One of the most important decisions employers will need to make by the December 6 effective date for the Occupational Safety and Health Administration (OSHA)’s COVID-19 Vaccination and Testing Emergency Temporary Standard (ETS) is whether to allow all (or if an employer desires, only certain classes of) employees to wear an approved face covering and produce a negative COVID-19 test at least weekly in order to return to a company worksite. For employers that decide to allow the weekly testing and face cover alternative to vaccination (and remember, offering the alternative generally is not required), employers will also have to decide whether they or their employees will pay for the testing. When we polled the audience on a recent Mercer webcast, we found that about half have not yet made a decision. However, nearly 40% have already determined that they will offer weekly testing as an alternative to vaccination, although only 15% will cover the cost or provide free onsite testing. 10% say that testing will only be allowed as an accommodation for those granted medical or religious exemptions to the vaccination mandate.
Judging by the hundreds of questions we received during our webcast, deciding whether to allow the testing alternative isn’t a simple decision for many employers. The cost of testing – which ranges from $10 to $150 or more per test, depending on the type -- can be prohibitive. Although OSHA states that under the ETS guidance employers need not pay for the COVID-19 tests, OSHA also warns employers that other laws, regulations and collective bargaining agreements may require an employer to do so. These may include state laws that require employers to generally pay for any type of mandated medical test, and federal laws such as the ADA or Title VII that may require employers to pay for testing if it’s used as a reasonable accommodation for those with medical or religious exemptions to getting vaccinated.
Even employers that choose not to allow testing as an alternative for employees to return to the worksite should consider offering it as an accommodation to those requesting an exemption to the vaccine. Webcast attendees asked us what to do about sincerely held religious objections to testing. These requests should be evaluated just like any other exemption request, but it’s worth remembering that it doesn’t have to be all or nothing when it comes to testing. For example, offering a saliva-based diagnostic test in lieu of the more invasive antigen test that requires a nasal or throat swab may be a reasonable accommodation.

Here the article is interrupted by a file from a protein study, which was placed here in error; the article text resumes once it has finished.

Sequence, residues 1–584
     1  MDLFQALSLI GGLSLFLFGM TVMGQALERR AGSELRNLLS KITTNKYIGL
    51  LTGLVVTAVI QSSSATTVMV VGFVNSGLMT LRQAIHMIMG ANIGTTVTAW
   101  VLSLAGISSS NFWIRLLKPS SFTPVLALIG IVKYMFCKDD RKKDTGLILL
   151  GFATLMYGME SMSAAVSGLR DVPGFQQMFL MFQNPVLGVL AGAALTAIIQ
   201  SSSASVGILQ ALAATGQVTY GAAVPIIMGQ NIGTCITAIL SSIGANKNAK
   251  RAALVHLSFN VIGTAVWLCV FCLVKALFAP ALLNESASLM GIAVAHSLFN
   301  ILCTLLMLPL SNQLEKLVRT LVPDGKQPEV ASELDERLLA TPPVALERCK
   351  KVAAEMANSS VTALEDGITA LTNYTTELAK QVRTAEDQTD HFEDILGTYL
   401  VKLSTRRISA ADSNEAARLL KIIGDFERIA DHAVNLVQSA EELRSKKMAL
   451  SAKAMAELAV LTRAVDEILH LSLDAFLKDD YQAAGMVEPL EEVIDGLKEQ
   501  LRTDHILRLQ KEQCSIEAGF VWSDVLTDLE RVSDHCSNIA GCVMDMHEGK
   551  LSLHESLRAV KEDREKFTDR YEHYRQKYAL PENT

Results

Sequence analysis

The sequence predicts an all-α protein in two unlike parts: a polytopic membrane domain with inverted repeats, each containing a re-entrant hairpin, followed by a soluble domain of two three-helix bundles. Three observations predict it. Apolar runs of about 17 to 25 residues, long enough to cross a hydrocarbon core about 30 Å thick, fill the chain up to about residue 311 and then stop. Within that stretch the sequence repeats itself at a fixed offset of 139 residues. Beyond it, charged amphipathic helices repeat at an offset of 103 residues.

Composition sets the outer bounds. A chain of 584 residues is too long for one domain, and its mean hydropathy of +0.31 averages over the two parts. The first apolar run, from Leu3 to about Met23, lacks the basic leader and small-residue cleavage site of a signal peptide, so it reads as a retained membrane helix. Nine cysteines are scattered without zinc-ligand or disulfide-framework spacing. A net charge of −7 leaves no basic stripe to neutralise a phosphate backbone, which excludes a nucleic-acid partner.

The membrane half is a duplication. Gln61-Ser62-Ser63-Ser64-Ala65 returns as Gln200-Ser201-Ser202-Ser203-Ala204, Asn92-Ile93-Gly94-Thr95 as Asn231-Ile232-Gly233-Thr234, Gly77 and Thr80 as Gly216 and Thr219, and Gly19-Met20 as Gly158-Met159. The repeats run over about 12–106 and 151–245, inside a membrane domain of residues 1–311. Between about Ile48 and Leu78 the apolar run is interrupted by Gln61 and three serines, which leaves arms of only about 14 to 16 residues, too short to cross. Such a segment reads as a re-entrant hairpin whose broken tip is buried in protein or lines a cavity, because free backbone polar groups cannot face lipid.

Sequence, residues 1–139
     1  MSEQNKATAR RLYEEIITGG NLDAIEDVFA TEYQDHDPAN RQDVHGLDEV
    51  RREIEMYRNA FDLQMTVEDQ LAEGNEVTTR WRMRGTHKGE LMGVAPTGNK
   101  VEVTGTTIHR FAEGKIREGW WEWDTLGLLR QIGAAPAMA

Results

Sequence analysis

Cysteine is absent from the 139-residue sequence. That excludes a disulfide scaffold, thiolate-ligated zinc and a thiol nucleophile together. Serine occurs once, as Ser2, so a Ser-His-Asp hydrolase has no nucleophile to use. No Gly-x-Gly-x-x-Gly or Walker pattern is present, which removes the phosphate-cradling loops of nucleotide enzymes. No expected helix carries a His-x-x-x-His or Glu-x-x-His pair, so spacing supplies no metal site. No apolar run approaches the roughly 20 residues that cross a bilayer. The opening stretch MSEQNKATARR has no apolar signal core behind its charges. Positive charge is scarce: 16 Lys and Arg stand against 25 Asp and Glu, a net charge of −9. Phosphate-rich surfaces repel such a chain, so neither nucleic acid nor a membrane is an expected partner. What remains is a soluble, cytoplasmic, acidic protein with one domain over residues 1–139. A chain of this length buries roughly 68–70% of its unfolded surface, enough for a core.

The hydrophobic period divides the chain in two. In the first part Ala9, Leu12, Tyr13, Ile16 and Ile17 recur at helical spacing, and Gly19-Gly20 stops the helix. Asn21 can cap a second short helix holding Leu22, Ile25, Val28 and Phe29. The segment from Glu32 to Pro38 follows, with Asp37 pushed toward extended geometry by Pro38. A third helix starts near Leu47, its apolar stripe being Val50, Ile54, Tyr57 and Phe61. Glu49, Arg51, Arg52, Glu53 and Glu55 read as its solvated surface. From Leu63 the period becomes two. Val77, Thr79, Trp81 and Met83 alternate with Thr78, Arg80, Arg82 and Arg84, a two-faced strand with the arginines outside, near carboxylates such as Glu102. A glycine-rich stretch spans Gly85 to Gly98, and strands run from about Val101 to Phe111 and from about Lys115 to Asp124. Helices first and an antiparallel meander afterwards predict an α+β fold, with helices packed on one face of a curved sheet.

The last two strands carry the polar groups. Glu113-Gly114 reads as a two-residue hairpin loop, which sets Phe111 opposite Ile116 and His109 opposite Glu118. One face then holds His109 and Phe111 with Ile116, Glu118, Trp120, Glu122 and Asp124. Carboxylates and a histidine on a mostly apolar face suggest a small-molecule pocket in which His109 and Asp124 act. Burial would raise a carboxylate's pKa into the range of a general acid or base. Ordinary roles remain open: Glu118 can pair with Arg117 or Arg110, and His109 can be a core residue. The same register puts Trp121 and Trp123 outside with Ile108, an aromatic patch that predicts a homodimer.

The other testing provision in the ETS causing consternation is the requirement that self-administered or self-read tests be observed by the employer or proctored by a telehealth provider. Capacity constraints to either observe the tests internally or find a third-party vendor to proctor the tests -- coupled with testing supply shortages in some parts of the US -- will weigh heavily in an employer’s decision whether to offer the testing option.
These challenges have prompted some employers to consider different testing approaches for different classes of employees (for example, essential vs. non-essential workers) or at different worksites (for example, requiring vaccinations at the corporate headquarters, but allowing the testing alternative at a manufacturing plant or retail location). A segmented approach may help alleviate the cost burden and minimize operational challenges due to limited supply in certain locations.
One final takeaway from the webcast poll is that employers are starting to make plans and move forward, even in light of litigation challenging the ETS. As the numbers show, employers are choosing different paths based on what they think is best for their employees and their businesses. Wherever you land on this big decision, you won’t be alone.